Illinois Law of Fraudulent Conveyance

The law underlying this case is well-settled. Under Ill.Rev.Stat., ch. 59, § 4, "[e]very gift, grant, conveyance, assignment or transfer of, or charge upon any estate . . . made with the intent to disturb, delay, hinder or defraud creditors or other persons . . . shall be void as against such creditors, purchasers, and other persons." The Illinois courts have divided transfers voidable under this section into two categories: fraud in law and fraud in fact. Tcherepnin v. Franz, 457 F. Supp. 832, 836 (N.D.Ill. 1978); Harris v. Aimco, Inc., 66 Ill.App.3d 60, 62, 22 Ill.Dec. 823, 825, 383 N.E.2d 631, 633 (5th Dist. 1978); Wilkey v. Wax, 82 Ill.App.2d 67, 70, 225 N.E.2d 813, 814 (1st Dist. 1967). To prove fraud in fact, the plaintiff seeking to set aside a transfer must demonstrate an actual intent to hinder creditors. However, a voluntary transfer which is made without consideration or which directly impairs the rights of creditors "will be regarded as fraudulent in law, irrespective of the honesty of the grantor's motives." First Security Bank v. Bawoll, 120 Ill.App.3d 787, 76 Ill.Dec. 54, 59, 458 N.E.2d 193, 198 (2d Dist. 1983). See also Capitol Indemnity Corp. v. J.H. Keller, 717 F.2d 324, 327 (7th Cir. 1983) (transfer without consideration constructive fraud and void under Illinois law); Tcherepnin, 457 F. Supp. at 836 (fraudulent intent immaterial in fraud in law cases).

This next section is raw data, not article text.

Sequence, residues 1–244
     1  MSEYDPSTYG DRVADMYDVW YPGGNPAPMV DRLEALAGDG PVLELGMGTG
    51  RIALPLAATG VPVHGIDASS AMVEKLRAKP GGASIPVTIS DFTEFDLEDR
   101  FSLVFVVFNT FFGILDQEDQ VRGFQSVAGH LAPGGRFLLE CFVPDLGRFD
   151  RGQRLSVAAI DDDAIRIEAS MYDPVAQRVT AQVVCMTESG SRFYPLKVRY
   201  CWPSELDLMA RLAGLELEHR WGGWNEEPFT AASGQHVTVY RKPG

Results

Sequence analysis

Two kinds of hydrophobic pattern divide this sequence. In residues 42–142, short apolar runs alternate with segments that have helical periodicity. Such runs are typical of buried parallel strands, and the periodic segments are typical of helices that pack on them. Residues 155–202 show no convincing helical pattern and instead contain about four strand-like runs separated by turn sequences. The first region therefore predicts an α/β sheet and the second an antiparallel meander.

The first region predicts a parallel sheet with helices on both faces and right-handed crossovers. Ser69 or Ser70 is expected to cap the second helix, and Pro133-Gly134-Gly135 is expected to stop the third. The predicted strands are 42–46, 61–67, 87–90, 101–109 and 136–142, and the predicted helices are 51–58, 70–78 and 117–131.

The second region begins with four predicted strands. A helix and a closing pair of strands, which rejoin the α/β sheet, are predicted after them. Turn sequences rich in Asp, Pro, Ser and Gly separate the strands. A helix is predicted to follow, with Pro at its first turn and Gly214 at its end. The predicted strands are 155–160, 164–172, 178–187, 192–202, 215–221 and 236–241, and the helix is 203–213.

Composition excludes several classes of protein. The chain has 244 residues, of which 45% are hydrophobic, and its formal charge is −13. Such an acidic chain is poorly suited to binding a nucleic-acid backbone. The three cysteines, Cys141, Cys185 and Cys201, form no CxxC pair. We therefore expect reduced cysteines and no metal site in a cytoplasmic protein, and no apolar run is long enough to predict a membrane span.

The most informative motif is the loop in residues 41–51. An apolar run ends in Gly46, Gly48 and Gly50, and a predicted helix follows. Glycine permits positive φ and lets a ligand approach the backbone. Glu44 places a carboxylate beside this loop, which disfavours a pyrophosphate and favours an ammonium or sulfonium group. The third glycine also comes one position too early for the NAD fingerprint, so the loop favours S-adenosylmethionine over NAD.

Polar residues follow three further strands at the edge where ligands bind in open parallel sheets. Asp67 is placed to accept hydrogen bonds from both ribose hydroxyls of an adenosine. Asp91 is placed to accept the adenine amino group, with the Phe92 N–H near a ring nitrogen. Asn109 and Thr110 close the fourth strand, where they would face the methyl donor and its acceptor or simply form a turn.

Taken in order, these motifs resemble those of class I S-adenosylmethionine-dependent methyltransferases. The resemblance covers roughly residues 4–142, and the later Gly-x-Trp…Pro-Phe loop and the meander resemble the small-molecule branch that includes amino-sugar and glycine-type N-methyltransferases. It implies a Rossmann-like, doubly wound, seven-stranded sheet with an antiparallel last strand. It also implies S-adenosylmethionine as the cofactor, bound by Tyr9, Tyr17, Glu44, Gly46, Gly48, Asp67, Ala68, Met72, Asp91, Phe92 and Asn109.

To sustain a claim of fraud in law, a creditor must prove three elements: (1) a voluntary gift; (2) an existing or contemplated indebtedness; and (3) failure of the debtor to retain sufficient assets to pay the indebtedness. Tcherepnin v. Franz, 475 F. Supp. 92, 96 (N.D.Ill. 1979) (Tcherepnin II); Mills v. Susanka, 394 Ill. 439, 448, 68 N.E.2d 904, 909 (1946). Because actual intent to impair creditors is irrelevant, the presumption of fraud in such cases can be rebutted only by if the debtor shows that he retained sufficient property to pay his or her obligations, Tcherepnin, 457 F. Supp. at 840, or that adequate consideration was given for the transfer. Harris v. Aimco, Inc., 66 Ill. App.3d 60, 62, 22 Ill.Dec. 823, 825, 383 N.E.2d 631, 633 (5th Dist. 1978). If the presumption of fraud is successfully rebutted, then the creditor must prove actual intent to defraud. Till v. Till, 87 Ill.App.2d 358, 361, 231 N.E.2d 641, 643 (1st Dist. 1967).

In the present case, the United States and Indiana National Bank have offered the following to demonstrate that Gamble's quit-claim conveyance of his Beechnut Drive home should be deemed fraudulent. First, Gamble has testified that the transfer was voluntary in all respects. The property was purchased one year before the transfer for $127,000, but was quit-claimed for a mere $10.00, a manifestly inadequate consideration. Under Illinois law, which this court is bound to follow, a ...